I grew up in Montana, where April was still quite cold. Our Easter photos were hastily taken outside in the frosty grass. We smiled through chattering teeth just long enough to snap a photo, then hurried inside for the actual egg hunting around the house. (There was once a huge blizzard in May, but we try to forget that year.) For me, the fragrance of some kind of roast filling the house at any time of year is normal, especially for special occasions.
Enter brisket. April is a month for various celebrations, and a brisket that is both tender and tangy is just the thing to serve. This recipe gets bonus points for being the kind that looks like you slaved forever in the kitchen, but actually takes only minimal effort. If you add root vegetables to the pan, then you’ve got some side dish action going on, too, saving even more time.
Choose a pan that is juuuuuust large enough to comfortably accommodate your roast, veggies, and liquid. We want all the moisture to go right back into the meat, making it succulent and drool-worthy.
Happy spring! And happy celebrating, whatever it is you choose celebrate!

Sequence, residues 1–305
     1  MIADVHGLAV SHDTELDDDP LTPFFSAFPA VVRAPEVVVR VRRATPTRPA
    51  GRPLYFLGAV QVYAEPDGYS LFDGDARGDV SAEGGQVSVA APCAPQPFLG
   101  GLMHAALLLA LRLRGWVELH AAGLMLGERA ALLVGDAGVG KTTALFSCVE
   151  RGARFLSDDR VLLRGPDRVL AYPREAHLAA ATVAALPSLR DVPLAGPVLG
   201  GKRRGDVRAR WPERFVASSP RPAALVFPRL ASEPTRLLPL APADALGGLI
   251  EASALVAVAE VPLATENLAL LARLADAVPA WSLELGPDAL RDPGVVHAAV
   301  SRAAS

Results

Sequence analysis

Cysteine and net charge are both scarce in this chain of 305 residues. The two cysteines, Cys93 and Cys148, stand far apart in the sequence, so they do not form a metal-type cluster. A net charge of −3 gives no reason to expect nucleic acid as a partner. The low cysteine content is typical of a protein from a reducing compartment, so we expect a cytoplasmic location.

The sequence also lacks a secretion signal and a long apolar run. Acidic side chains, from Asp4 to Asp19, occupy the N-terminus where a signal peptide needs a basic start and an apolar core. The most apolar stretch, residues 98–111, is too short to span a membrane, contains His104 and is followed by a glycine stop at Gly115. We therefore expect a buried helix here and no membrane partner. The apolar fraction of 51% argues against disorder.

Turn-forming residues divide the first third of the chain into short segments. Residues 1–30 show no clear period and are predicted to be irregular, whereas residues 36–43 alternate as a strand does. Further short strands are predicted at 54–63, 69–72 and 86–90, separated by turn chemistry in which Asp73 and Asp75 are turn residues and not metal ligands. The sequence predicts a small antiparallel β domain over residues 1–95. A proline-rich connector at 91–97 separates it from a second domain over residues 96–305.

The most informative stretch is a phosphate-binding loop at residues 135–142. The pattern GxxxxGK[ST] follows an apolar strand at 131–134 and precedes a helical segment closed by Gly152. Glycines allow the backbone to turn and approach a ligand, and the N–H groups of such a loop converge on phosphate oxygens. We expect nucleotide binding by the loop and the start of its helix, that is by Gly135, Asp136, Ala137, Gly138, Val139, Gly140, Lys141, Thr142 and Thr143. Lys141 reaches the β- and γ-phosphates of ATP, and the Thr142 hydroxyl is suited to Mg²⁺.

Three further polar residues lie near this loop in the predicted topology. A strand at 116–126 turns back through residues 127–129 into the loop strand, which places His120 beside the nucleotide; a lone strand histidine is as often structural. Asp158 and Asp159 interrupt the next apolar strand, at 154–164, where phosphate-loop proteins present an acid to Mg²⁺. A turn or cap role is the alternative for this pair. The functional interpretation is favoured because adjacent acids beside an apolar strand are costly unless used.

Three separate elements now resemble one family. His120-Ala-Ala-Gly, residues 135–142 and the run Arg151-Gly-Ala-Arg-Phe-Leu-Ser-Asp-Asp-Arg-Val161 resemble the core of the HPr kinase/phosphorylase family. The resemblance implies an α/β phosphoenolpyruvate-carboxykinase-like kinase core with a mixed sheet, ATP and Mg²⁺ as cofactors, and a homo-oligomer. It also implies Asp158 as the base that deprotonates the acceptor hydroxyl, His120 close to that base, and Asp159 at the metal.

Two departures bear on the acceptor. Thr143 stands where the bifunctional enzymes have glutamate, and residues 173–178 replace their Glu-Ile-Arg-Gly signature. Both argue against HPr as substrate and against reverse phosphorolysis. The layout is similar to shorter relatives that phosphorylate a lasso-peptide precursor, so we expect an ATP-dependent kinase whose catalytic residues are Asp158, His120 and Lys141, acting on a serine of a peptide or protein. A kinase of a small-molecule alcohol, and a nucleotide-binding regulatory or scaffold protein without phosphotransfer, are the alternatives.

- 2 tablespoons coconut oil or avocado oil
- 1 tablespoon sea salt
- 1 three-pound plain brisket (not corned beef brisket)
- 1 cup sliced onions
- ½ cup apple cider vinegar
- ⅓ cup bone broth
- ⅓ cup molasses
- 2 teaspoons dried thyme
- 2 teaspoons garlic powder
- 2 bay leaves
- 3 cups roughly chopped carrots and parsnips, or other root vegetables (optional)
- Preheat oven to 350 degrees F. Salt the meat on both sides, ½ tablespoon salt on each side.
- In a large skillet, heat oil to medium high. Brown the meat on both sides. Remove to a 15x10 baking dish, fat side up. Set aside.
- Sauté onions in the remaining oil until they begin to brown.
- Add vinegar to the pan. Sauté for 30 seconds. Turn heat down to medium low.
- Add broth, molasses, thyme, garlic powder and bay leaves. Stir to combine and heat through. Pour the mixture over the brisket.
- Cover the brisket pan tightly with foil. Bake for 4 hours, or until meat is fork tender. (Note: If using vegetables, add them to the pan at the 3-hour mark, and replace foil.)
- When the roast is done, remove the bay leaves. You can also scrape the layer of fat off the top, if desired.
- To serve, shred, or cut the brisket, and spoon the juices from the pan over all. (Do not skip this step. So much flavor is here!) Arrange root vegetables (if using) around the edge of the platter.